Alcoa opens 3D Printing Metal Powder Plant

Lightweight metals player Alcoa has opened a state-of-the-art, 3D printing metal powder production facility near Pittsburgh, Pennsylvania.

Alcoa will produce proprietary titanium, nickel and aluminum powders optimised for 3D printed aerospace parts at the facility, which is located at the Alcoa Technology Center, reportedly the world’s largest light metals research centre.

Metal powders used for 3D printing durable, high-quality aerospace parts are only available in limited quantities so this expansion is intended to remedy this with Alcoa developing materials with the specific properties needed for 3D print high-performance components. The firm has also invested in a range of technologies to further develop additive processes, product design and qualification.

“Alcoa is forging a leadership path in additive manufacturing with a sharp focus on the critical input material—metal powders,” said Alcoa Chairman and CEO Klaus Kleinfeld. “We are combining our expertise in metallurgy, manufacturing, design and product qualification to push beyond the possibilities of today’s 3D printing technologies for aerospace and other growth markets.”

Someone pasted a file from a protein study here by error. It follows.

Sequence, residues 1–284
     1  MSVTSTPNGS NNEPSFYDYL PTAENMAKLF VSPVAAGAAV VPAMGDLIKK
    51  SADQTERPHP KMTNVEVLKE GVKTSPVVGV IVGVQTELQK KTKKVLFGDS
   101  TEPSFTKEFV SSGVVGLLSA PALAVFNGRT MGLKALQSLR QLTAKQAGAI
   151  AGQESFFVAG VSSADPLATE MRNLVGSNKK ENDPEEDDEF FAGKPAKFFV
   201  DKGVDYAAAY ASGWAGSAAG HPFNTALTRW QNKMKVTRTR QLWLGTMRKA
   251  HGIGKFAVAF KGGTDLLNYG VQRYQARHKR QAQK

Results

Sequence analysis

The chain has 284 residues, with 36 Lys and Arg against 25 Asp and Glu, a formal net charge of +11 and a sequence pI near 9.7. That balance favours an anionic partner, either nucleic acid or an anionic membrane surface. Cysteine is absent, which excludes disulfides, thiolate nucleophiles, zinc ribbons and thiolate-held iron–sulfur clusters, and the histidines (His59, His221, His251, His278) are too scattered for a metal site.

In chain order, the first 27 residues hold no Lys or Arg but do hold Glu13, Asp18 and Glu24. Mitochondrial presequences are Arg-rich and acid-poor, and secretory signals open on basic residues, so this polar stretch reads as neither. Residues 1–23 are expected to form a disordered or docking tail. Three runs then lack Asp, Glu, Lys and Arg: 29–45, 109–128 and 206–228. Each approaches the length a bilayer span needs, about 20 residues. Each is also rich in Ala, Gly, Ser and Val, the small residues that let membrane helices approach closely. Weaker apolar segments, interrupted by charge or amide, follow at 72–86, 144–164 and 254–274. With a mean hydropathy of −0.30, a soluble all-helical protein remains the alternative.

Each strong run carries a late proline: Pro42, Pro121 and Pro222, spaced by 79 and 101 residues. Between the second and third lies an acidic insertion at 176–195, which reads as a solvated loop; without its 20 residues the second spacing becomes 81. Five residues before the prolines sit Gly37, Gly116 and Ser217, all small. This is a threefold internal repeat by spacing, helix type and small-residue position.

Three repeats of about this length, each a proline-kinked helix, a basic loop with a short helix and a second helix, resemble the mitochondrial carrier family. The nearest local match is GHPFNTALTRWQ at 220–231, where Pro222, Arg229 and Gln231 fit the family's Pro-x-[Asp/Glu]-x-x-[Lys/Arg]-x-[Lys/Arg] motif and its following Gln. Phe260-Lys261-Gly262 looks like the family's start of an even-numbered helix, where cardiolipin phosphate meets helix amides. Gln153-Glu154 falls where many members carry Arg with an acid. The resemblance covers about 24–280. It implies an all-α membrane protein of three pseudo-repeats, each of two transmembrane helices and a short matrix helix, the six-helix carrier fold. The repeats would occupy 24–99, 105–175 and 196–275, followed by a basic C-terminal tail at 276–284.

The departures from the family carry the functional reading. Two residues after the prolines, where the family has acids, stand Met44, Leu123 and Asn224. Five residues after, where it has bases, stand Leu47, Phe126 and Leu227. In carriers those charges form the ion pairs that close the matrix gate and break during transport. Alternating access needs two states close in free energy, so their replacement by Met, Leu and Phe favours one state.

The facility will form part of Arconic following the recent separation of the company.

Alcoa has been in the 3D printed product business for 20 years. The plant is part of a $60 million investment in 3D printing, building on the Company’s 3D printing capabilities in California, Georgia, Michigan, Pennsylvania and Texas. Thanks to its acquisition of RTI, it now has printing capabilities in titanium and other speciality metals for aerospace and other growth markets. Airbus recently selected Alcoa to supply 3D printed titanium fuselage and engine pylon parts for commercial aircraft, with the first additive manufactured parts to be delivered later this year.

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